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Surgical Smoke Nearly Killed Me - Outpatient Surgery Magazine - February 2018

Outpatient Surgery Magazine, providing current information on Surgical Services, Surgical Facility Administration, Outpatient Surgery News and Trends, OR Excellence and more.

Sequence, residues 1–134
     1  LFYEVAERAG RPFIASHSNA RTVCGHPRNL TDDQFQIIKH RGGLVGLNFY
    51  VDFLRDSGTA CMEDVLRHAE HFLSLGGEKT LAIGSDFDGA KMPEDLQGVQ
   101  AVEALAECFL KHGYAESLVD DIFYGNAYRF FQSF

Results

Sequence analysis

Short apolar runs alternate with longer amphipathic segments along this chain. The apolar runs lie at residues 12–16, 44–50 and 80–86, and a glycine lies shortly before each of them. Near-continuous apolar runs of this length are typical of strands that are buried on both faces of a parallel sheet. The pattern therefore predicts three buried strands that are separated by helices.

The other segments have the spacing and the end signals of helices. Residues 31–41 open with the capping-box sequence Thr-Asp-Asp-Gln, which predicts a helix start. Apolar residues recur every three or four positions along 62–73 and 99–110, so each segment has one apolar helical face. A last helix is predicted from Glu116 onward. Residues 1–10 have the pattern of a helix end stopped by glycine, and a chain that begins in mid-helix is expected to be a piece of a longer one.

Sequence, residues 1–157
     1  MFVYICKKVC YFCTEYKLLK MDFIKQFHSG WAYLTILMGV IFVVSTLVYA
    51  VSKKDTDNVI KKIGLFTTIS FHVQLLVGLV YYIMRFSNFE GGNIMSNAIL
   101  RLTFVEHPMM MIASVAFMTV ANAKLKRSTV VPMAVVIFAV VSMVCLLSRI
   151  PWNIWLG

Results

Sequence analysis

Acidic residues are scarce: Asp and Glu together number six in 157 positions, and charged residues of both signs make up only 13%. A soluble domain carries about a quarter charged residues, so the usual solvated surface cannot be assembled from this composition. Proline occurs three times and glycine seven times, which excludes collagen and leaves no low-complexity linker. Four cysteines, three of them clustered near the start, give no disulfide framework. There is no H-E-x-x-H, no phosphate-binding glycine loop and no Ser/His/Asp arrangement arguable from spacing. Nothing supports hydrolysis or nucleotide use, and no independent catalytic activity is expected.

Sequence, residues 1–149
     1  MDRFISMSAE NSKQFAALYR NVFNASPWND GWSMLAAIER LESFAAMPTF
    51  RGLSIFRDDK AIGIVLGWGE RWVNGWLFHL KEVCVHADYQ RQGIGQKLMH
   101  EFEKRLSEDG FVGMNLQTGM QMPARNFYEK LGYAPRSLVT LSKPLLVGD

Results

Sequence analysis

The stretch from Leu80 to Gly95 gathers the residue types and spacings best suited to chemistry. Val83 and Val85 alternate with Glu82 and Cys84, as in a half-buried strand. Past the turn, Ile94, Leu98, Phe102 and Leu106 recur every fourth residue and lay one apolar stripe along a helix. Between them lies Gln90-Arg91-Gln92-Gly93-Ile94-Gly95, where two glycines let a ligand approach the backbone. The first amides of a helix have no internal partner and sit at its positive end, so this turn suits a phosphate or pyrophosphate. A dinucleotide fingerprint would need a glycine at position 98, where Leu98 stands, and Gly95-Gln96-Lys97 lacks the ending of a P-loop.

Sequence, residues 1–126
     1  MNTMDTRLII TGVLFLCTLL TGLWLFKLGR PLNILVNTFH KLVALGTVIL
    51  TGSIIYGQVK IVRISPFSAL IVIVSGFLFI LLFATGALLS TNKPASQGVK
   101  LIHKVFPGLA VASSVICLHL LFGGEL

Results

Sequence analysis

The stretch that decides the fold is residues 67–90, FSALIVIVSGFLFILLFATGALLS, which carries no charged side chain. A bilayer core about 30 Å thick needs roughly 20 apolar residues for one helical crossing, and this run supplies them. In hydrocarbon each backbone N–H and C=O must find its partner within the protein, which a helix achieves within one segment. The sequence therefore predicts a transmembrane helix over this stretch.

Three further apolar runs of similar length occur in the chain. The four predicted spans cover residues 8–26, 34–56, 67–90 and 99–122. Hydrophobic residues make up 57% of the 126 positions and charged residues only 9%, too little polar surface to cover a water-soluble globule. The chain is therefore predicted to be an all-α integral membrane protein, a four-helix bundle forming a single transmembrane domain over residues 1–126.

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F E B R U A R U Y 2 0 1 8 • O U T PA T I E N TS U R G E R Y. N E T • 1 3 A couple years ago, we nearly dis- charged a patient with a sponge left inside her. The patient had emerged from anesthesia and we were about to transfer her to PACU when we realized she had a retained object. But from our investigation of the near-miss, we found that some staff members were hesitant to speak up when potential patient safety issues arise. Our solution: Encourage staff to CUS in the OR. • I'm Concerned • I'm Uncomfortable • This Is a Safety Issue Staff can use these phrases to alert surgeons and staff about their concerns. We ordered buttons that say, "We CUS in surgery! Ask me Why." Every surgical team member wears the button on her scrubs or ID badge. Besides serving as a visual reminder to speak up, the catchy phrase also provides opportunities for the surgical team to share with staff members in other areas of our hospital about what they do to protect those in their care. F. Jean Campbell, MSN, RN PATIENT SAFETY It's Okay to 'CUS' in Our ORs • EMPOWERED CUS buttons empower staff to call for a hard stop whenever they believe patient safety is being jeopardized. Alton (Ill.) Memorial Hospital frances.campbell@bjc.org

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